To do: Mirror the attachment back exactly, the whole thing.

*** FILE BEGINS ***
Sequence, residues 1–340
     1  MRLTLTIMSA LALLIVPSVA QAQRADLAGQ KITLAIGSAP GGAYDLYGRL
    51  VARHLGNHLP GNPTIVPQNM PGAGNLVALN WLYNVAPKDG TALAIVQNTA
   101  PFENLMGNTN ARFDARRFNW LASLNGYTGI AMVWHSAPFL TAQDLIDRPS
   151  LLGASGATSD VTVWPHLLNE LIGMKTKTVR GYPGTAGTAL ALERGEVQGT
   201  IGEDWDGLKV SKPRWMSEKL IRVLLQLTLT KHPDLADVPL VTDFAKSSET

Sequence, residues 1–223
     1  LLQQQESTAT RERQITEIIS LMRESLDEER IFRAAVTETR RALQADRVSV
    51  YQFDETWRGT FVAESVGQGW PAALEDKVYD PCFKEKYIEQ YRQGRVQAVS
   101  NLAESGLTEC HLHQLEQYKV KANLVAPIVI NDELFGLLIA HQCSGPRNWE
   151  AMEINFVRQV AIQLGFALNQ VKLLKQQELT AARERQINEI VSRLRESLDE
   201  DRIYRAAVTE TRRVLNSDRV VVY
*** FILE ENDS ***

Sequence, residues 1–340
     1  MRLTLTIMSA LALLIVPSVA QAQRADLAGQ KITLAIGSAP GGAYDLYGRL
    51  VARHLGNHLP GNPTIVPQNM PGAGNLVALN WLYNVAPKDG TALAIVQNTA
   101  PFENLMGNTN ARFDARRFNW LASLNGYTGI AMVWHSAPFL TAQDLIDRPS
   151  LLGASGATSD VTVWPHLLNE LIGMKTKTVR GYPGTAGTAL ALERGEVQGT
   201  IGEDWDGLKV SKPRWMSEKL IRVLLQLTLT KHPDLADVPL VTDFAKSSET

Sequence, residues 1–223
     1  LLQQQESTAT RERQITEIIS LMRESLDEER IFRAAVTETR RALQADRVSV
    51  YQFDETWRGT FVAESVGQGW PAALEDKVYD PCFKEKYIEQ YRQGRVQAVS
   101  NLAESGLTEC HLHQLEQYKV KANLVAPIVI NDELFGLLIA HQCSGPRNWE
   151  AMEINFVRQV AIQLGFALNQ VKLLKQQELT AARERQINEI VSRLRESLDE
   201  DRIYRAAVTE TRRVLNSDRV VVY